New York State has three separate criminal statutes relating to Intimidating a Victim or Witness. Specifically, these charges are:

Intimidating a Victim or Witness in the First Degree is the most serous of these charges, while Intimidating a Victim or Witness in the Third Degree is the least serious. The difference between these charges is discussed in greater detail below. However, it is important to note that all three of these New York Intimidating a Victim or Witness charges can result in a felony record, as well as significant jail time. Additionally, while these charges are frequently brought in conjunction with Criminal Contempt and Witness Tampering charges, these charges are separate and distinct from New York witness tampering and criminal contempt charges.

Intimidating a Victim or Witness in the Third Degree

The least serious of New York Intimidating a Victim or Witness charge is Intimidating a Victim or Witness in the Third Degree. This charge is codified in New York Penal Law Section 215.15. Under New York Penal Law Section 215.15, a person is guilty of Intimidating a Victim or Witness in the Third Degree when:

  1. Knowing that another person possesses information relating to a criminal transaction and other than in the course of that criminal transaction or immediate flight therefrom,
  2. S/he wrongfully compels or attempts to compel such other person to refrain from communicating such information to any court, grand jury, prosecutor, police officer or peace officer by means of instilling in him a fear that the actor will cause physical injury to such other person or another person; OR
  3. S/he Intentionally damages the property of such other person or another person for the purpose of compelling such other person or another person to refrain from communicating, or on account of such other person or another person having communicated, information relating to that criminal transaction to any court, grand jury, prosecutor, police officer or peace officer.

To simplify, the elements of New York Intimidating a Victim or Witness in the Third Degree are:

  1. Knowledge that the person has information relating to a criminal case, AND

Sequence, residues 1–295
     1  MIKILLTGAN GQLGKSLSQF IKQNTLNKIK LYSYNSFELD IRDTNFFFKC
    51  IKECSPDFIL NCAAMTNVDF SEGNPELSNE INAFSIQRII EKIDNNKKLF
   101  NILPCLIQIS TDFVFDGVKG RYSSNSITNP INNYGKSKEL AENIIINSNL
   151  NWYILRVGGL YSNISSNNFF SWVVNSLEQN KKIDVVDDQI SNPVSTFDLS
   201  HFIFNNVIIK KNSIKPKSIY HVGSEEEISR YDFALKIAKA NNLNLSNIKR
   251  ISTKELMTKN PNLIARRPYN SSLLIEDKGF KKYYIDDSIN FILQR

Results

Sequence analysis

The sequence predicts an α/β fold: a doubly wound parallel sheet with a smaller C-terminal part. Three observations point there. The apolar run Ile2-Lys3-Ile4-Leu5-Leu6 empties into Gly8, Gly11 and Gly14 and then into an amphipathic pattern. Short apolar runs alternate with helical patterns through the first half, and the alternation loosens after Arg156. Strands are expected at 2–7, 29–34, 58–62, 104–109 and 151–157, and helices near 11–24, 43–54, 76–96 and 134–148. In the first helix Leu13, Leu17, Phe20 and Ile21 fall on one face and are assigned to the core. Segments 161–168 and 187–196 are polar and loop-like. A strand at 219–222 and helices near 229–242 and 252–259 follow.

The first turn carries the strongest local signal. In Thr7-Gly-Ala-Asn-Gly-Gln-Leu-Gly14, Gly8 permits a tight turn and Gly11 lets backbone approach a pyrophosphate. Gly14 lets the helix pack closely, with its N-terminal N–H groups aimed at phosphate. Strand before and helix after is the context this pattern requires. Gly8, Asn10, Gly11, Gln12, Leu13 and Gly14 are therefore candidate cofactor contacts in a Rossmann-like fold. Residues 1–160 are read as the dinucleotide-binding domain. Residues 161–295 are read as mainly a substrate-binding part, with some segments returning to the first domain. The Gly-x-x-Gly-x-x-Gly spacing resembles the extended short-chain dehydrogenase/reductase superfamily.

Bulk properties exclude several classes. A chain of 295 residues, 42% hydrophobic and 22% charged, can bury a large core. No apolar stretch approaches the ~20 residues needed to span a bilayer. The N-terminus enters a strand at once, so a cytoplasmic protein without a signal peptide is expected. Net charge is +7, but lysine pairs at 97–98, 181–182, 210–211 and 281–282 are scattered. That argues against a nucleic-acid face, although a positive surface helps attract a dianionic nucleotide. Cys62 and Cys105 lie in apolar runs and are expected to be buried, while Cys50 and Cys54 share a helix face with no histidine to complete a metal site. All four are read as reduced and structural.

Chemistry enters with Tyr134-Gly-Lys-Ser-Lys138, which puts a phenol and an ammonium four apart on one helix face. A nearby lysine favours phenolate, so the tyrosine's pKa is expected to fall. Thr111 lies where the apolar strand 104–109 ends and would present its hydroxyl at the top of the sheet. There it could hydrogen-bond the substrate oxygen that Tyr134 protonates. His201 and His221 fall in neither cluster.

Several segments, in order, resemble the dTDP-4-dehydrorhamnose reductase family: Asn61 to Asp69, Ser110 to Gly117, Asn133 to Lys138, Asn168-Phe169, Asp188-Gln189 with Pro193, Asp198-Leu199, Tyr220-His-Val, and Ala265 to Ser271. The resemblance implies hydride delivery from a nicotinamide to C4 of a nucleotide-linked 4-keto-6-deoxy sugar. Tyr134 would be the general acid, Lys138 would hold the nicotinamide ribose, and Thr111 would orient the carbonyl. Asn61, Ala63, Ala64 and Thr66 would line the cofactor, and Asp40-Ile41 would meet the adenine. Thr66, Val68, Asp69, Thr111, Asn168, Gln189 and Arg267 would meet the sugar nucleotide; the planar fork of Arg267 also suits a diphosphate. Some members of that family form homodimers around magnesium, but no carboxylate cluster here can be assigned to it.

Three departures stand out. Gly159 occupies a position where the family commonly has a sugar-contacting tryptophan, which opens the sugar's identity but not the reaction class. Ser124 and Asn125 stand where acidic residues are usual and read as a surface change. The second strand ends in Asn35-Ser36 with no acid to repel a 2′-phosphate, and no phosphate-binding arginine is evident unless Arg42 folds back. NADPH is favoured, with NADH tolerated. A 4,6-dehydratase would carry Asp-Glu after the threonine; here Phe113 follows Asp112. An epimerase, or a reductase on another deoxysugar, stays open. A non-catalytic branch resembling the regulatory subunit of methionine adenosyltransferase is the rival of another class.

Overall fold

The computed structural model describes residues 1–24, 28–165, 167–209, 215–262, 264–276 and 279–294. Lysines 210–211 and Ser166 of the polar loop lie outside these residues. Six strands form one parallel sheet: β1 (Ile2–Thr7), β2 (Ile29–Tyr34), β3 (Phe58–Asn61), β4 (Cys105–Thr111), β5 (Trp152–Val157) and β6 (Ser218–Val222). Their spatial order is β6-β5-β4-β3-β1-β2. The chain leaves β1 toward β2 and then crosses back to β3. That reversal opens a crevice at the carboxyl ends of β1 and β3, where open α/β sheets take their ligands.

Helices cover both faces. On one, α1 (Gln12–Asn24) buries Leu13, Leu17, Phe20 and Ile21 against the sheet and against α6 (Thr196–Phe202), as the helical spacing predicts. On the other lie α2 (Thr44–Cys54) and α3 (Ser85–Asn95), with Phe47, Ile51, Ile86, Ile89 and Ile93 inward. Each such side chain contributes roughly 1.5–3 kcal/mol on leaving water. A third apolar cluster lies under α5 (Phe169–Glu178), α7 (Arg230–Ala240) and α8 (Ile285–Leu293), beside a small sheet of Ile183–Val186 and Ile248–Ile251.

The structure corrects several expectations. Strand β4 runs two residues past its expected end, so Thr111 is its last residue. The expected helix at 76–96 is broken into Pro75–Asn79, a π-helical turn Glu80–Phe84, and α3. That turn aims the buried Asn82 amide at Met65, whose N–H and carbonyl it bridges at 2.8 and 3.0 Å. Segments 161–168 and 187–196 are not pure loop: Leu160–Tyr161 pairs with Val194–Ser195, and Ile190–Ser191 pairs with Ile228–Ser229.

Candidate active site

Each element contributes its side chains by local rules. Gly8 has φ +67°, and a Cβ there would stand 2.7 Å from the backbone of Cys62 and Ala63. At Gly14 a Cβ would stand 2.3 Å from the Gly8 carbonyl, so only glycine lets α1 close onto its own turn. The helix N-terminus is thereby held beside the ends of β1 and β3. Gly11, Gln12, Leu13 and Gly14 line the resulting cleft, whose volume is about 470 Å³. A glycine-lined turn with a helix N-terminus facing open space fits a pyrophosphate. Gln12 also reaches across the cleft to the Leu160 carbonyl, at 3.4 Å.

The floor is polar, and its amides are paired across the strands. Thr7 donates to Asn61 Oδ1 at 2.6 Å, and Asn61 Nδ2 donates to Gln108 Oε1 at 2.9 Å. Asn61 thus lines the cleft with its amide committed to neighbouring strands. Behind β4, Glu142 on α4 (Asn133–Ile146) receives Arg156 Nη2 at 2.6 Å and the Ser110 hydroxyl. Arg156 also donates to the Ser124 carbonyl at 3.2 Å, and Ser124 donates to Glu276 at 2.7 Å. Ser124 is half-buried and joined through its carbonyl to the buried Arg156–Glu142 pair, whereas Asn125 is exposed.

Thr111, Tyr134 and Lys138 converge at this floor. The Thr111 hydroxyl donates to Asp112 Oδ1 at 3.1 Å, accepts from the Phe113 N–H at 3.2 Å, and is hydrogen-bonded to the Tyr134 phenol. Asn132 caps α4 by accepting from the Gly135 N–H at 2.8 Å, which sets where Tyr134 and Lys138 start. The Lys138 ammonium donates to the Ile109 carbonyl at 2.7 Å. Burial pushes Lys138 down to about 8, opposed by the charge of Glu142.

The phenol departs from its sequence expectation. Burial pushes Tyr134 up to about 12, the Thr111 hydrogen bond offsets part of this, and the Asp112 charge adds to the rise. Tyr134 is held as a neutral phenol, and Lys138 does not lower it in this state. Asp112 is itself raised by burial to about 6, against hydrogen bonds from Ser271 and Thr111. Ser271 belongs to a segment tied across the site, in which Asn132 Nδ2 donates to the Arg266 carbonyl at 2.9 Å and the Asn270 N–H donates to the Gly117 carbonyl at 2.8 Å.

2. Wrongfully preventing or attempting to prevent such person from communicating such information to the Court by means of threatening physical injury, OR
  3. Damaging the property of the person with intent to prevent them from communicating such information to the Court.

Example of Intimidating a Victim or Witness in the Third Degree

An example of conduct that can be charged as Intimidating a Victim or Witness in the Third Degree is threatening to hurt someone if they go to court to testify against you. Importantly, there is no requirement that any physical injury be caused, only that physical injury be threatened.

Sentencing and Penalties for Intimidating a Victim or Witness in the Third Degree

Under New York Law, Intimidating a Victim or Witness in the Third Degree is a Class “E” Non-violent Felony. As such, this charge is punishable by:

  • An indeterminate term of imprisonment up to 1 1/3 to 4 years,
  • A determinate sentence up to 1 year imprisonment,
  • A split sentence (up to 6 months jail, rest of the time on probation),
  • Probation,
  • A conditional discharge (with conditions imposed by the court, such as obeying by the terms of an order of protection, or completing community service).

Intimidating a Victim or Witness in the Second Degree

New York Intimidating a Victim or Witness in the Second Degree charge is codified in Penal Law Section 215.16. This charge is very similar to New York’s Intimidating a Victim or a Witness charge, however rather than instilling the fear of physical harm, this particular charge requires that a physical injury actually be caused.

Under Penal Law Section 215.16, a person is guilty of Intimidating a Victim or Witness in the Second Degree, when:

  1. Other than in the course of that criminal transaction of immediate flight therefrom,
  2. S/he intentionally causes physical injury to another person for the purpose of obstructing, delaying, preventing or impeding the communication by such other person or another person of information relating to a criminal transaction to any court, grand jury, prosecutor, police officer or peace officer or for the purpose of compelling such other person or another person to swear falsely; OR
  3. Intentionally causes physical injury to another person on account of such other person or another person having communicated information relating to a criminal transaction to any court, grand jury, prosecutor, police officer or peace officer; OR